A new Dutch law has come into force banning face-covering clothing - including the burqa and niqab worn by conservative Muslim women - on public transport, in government buildings and at health and education institutions.
After around 14 years of debate, a burqa ban has come into effect in the Netherlands. A study in 2009 by an University of Amsterdam professor, Annelies Moors, estimated that just 100 women regularly wore a face veil and no more than 400 occasionally did so.
The ban also applies to other face coverings such as full-face helmets or balaclavas. Security officers to ask veiled women first to show her face.
Anti-Islam politician Geert Wilders, who proposed the face-covering veil ban in 2005, welcomed the introduction of the limited ban as an "historic day" and called for it to be expanded to include Islamic headscarves.
"I understand that it is a unusual sight to see a woman walking around in a black niqab and that it can even scare children", Said Bouharrou, Vice President of the National Council of Moroccan Mosques in the Netherlands, told Efe news.
Pedro Peters, a spokesperson of the RET transport network, deemed the law impractical as he said, "The police have told us the ban is not a priority and that therefore they will not be able to respond inside the usual 30 minutes, if at all".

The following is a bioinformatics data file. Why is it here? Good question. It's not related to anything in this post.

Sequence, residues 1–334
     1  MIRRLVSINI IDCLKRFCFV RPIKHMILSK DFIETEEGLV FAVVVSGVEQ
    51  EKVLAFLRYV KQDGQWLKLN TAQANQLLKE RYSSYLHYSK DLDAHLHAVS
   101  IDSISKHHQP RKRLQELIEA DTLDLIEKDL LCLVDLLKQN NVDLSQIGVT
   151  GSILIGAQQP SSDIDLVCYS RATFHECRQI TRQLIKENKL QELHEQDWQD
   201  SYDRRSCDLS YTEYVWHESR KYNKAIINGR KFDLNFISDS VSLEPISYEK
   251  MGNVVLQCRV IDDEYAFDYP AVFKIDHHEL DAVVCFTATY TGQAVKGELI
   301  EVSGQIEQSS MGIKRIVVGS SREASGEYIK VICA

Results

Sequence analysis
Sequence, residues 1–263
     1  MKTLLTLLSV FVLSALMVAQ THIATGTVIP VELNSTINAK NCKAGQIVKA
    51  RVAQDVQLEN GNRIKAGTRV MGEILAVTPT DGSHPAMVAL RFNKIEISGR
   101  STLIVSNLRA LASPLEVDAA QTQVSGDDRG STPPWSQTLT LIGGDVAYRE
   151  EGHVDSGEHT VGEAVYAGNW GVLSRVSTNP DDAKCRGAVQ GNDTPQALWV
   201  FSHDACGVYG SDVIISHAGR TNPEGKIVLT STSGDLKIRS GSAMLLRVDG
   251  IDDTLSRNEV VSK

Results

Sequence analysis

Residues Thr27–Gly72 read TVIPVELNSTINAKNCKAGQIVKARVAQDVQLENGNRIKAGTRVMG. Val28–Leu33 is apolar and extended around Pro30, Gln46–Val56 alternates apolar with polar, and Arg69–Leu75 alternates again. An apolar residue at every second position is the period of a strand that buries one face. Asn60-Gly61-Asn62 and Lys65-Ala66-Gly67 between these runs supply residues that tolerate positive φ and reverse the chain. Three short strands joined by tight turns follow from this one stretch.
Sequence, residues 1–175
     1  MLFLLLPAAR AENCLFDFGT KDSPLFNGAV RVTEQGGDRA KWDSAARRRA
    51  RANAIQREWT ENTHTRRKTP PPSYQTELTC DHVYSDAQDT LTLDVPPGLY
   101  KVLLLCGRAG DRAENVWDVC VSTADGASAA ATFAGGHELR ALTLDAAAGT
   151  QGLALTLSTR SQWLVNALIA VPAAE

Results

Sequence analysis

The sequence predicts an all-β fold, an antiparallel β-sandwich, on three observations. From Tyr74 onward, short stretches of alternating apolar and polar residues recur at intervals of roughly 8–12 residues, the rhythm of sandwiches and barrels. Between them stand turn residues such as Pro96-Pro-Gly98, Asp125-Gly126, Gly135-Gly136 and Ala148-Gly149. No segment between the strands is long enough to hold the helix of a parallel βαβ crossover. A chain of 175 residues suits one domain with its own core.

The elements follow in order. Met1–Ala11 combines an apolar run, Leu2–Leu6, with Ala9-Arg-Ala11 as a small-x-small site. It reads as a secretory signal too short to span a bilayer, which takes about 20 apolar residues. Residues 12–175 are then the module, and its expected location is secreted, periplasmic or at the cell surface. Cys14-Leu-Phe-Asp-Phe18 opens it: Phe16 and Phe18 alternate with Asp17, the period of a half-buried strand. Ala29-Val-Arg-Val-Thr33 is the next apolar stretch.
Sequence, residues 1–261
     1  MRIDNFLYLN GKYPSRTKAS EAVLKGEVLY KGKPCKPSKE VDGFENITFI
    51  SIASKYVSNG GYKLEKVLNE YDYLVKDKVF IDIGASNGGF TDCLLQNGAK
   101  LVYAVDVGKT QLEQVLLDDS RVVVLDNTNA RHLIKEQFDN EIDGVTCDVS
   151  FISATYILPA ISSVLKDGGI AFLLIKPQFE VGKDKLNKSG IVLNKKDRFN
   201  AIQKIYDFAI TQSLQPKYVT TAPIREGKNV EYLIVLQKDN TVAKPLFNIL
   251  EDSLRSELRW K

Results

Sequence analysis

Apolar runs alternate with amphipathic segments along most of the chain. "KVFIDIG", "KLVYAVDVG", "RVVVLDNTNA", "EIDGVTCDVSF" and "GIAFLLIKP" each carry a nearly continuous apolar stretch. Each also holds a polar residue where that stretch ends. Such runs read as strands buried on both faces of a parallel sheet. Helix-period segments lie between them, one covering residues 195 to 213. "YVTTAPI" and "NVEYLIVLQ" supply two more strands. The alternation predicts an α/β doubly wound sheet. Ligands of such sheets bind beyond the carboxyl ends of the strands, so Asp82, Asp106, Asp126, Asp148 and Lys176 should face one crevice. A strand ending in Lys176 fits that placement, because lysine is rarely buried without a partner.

The Nida party in Rotterdam has said it will pay fines enforced on niqab wearers and has opened an account where people can deposit money.
On the other hand, in Italy (in Novara, near Milan) and Spain (in Catalonia) some limitations have been imposed on the burqa, although not at the state level. "I believe we should now try to take it to the next step", Wilders wrote in a tweet on Thursday, urging that the simple headscarf should be banned as well.
They will not be allowed to go on a metro, bus or tram when the law is observed.
France was the first country in Europe to ban the full veil in 2011.
The Dutch government has insisted that its partial ban doesn't target any religion and that people are free to dress how they want.
When the law was voted in mid a year ago, critics, including Annelies Moors, professor of Anthropology and Sociology at the University of Amsterdam, warned the ban could dissuade some women from entering public spaces.